Fear of modern-day pandemic has biologists scrambling desperately to contain new outbreaks of chilling disease
It is the ghosts of 1918 who make Hong Kong's bird flu outbreaks so chilling for disease experts today.
Twenty million people died suddenly that year when an unusual and particularly cruel influenza A virus broke out simultaneously across the world.
'Spanish flu' whipped around the world in four months, felling the young and strong as readily as it struck those normally at risk of infection. Its symptoms were not coughs and sneezes - victims' bodies were bloody and they drowned as fluid filled their lungs. They were often dead within a week.
It is the fear of another pandemic - but this time spread with the aid of passenger jets crossing the globe - that has biologists desperate to contain new outbreaks.
The source of the 1918 flu - identified as H1N1 - is still a mystery. The closest known flu strain is one found later in pigs, and some scientists believe it could have come originally from birds.
Influenza A viruses are volatile. They mutate quickly and what starts as a fairly mild disease can rapidly become something far more vicious.
The fear is that if a virus in animals can be transmitted to humans, it could further mutate to become as contagious to humans as the common cold, passed along with a sneeze.
Hong Kong's first bird flu outbreak started - and initially appeared to finish - in chickens. In March 1997, close to 7,000 birds on three New Territories farms were wiped out by an H5 strain. As a precaution, all the farms' other birds were slaughtered and the outbreak looked to have been contained.
Two months later, on May 21, a three-year-old boy died of respiratory complications. It was not until August that tests on his blood showed he had been infected with an H5 flu virus known to be lethal in birds and he became the world's first known human carrier.
How the boy contracted the disease is not certain, but some point to the fact that chicks and ducklings kept in a 'nature corner' in his kindergarten classroom had died before he fell ill.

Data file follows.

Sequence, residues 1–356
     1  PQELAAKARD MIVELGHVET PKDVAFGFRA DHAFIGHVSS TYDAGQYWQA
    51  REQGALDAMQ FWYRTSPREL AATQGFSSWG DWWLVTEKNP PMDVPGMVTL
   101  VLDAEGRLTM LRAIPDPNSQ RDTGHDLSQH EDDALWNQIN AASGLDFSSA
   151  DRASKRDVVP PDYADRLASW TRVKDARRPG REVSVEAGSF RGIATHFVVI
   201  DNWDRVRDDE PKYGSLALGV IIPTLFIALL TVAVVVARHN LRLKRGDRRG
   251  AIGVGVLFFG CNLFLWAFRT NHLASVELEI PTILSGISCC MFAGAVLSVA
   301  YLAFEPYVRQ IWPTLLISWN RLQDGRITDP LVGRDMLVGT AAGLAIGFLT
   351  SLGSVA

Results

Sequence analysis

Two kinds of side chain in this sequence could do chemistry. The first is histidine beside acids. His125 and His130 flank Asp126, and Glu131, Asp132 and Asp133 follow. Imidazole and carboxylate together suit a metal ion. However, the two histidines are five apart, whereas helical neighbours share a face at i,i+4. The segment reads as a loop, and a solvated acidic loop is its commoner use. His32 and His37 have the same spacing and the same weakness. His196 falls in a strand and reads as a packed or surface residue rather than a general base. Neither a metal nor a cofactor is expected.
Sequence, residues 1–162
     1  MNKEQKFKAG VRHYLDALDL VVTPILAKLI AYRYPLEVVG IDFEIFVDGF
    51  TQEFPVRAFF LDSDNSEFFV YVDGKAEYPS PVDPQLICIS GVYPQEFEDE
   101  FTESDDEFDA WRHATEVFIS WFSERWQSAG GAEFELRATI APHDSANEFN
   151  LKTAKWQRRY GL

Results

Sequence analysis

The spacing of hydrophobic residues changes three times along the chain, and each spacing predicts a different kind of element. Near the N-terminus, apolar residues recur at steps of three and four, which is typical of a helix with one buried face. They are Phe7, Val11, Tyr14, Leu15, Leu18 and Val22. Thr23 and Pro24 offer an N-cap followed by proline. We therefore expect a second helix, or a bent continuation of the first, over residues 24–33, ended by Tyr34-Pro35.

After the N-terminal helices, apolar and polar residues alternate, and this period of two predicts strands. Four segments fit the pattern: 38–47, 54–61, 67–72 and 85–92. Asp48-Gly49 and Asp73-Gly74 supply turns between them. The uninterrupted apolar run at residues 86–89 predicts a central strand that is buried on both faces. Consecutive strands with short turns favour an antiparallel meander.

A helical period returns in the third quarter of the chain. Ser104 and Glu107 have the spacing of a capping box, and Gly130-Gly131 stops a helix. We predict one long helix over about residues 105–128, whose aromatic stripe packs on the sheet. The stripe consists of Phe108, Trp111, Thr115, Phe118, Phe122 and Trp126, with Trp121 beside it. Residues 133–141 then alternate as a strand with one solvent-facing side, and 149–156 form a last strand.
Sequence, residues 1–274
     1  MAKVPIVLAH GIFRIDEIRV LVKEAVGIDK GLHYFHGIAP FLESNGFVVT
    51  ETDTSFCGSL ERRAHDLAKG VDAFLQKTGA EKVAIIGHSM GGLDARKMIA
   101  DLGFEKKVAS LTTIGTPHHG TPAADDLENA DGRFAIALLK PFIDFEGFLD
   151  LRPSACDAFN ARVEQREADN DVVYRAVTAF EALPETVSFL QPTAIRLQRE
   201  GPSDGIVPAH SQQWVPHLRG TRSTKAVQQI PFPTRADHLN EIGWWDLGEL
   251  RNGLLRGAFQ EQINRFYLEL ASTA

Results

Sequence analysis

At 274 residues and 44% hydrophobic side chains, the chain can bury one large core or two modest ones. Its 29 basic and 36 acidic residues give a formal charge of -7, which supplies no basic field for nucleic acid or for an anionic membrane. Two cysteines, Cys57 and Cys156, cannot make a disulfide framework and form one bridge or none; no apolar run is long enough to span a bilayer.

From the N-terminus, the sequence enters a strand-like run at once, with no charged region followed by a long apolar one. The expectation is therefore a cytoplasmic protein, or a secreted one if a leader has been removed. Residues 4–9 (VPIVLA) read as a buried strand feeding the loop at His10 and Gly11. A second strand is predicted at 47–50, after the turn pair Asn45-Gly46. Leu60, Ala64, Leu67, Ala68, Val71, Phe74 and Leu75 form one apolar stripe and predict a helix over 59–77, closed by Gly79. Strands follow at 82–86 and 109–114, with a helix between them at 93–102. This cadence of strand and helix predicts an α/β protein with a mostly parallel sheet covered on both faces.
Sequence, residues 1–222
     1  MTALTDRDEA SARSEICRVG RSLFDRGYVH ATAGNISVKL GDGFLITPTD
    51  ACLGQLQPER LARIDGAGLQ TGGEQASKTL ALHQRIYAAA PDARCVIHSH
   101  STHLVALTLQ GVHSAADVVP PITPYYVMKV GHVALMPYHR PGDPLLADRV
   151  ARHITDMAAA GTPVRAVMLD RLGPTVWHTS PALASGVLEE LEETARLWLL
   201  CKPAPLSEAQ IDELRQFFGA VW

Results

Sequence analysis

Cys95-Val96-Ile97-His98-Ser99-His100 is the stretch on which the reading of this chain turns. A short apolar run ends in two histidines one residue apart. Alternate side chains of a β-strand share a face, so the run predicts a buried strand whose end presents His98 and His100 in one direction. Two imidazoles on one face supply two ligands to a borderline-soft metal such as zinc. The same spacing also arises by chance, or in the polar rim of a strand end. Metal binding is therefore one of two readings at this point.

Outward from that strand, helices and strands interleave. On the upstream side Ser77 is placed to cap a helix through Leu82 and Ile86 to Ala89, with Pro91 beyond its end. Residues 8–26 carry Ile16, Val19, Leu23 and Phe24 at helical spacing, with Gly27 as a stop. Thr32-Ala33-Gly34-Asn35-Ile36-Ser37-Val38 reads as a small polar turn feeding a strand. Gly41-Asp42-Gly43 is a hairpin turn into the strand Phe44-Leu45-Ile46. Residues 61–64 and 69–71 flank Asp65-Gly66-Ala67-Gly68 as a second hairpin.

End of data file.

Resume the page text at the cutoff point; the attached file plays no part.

While a handful of people the boy had been in contact with tested positive for antibodies, none had been ill and doctors breathed a little easier.
In November, however, a two-year-old boy tested positive for H5. He recovered, but the recurrence of the disease had specialists nervous.
Less than a month later, a man aged 54 died of apparent pneumonia. He, too, was found to be carrying H5. Within days, a 13-year-old girl was also diagnosed.
This was in early December and, by a week later, three more H5 cases had turned up, two of them in children. Another New Territories chicken farm then reported an H5 outbreak.
The Government ordered a mass slaughter of all poultry to contain the outbreak and, on December 28, more than a million birds were killed. That day, the infection rate among chickens in local markets was put at 10 per cent, with ducks and geese also found to be carriers. Altogether, the 1997 outbreak led to 18 confirmed H5N1 cases in humans. Six of those patients died.
Microbiologists said later that the poultry slaughter had drastically reduced the chances of more people coming into contact with H5, and there have been no human cases diagnosed since.
In February this year, H5N1 was detected in local poultry but did not kill the chickens it infected. Yesterday's announcement marked the first H5N1 deaths since 1997.
Local and overseas microbiologists were never convinced that H5N1 and the threat it posed to public health had died with the slaughtered chickens.